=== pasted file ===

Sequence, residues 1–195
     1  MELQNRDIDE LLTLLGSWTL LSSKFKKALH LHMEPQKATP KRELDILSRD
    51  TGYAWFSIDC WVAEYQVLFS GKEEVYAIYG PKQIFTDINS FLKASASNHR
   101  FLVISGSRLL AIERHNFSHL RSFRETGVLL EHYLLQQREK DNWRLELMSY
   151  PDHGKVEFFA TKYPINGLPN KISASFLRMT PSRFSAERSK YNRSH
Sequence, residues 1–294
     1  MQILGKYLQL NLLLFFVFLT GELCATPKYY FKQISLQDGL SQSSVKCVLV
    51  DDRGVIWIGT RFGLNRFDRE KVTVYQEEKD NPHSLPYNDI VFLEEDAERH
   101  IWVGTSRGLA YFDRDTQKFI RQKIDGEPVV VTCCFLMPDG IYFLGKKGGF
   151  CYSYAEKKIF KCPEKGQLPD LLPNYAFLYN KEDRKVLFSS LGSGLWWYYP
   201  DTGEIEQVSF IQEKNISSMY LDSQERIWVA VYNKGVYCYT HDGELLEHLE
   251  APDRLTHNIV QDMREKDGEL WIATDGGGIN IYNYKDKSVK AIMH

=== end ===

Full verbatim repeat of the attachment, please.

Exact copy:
Sequence, residues 1–195
     1  MELQNRDIDE LLTLLGSWTL LSSKFKKALH LHMEPQKATP KRELDILSRD
    51  TGYAWFSIDC WVAEYQVLFS GKEEVYAIYG PKQIFTDINS FLKASASNHR
   101  FLVISGSRLL AIERHNFSHL RSFRETGVLL EHYLLQQREK DNWRLELMSY
   151  PDHGKVEFFA TKYPINGLPN KISASFLRMT PSRFSAERSK YNRSH
Sequence, residues 1–294
     1  MQILGKYLQL NLLLFFVFLT GELCATPKYY FKQISLQDGL SQSSVKCVLV
    51  DDRGVIWIGT RFGLNRFDRE KVTVYQEEKD NPHSLPYNDI VFLEEDAERH
   101  IWVGTSRGLA YFDRDTQKFI RQKIDGEPVV VTCCFLMPDG IYFLGKKGGF
   151  CYSYAEKKIF KCPEKGQLPD LLPNYAFLYN KEDRKVLFSS LGSGLWWYYP
   201  DTGEIEQVSF IQEKNISSMY LDSQERIWVA VYNKGVYCYT HDGELLEHLE
   251  APDRLTHNIV QDMREKDGEL WIATDGGGIN IYNYKDKSVK AIMH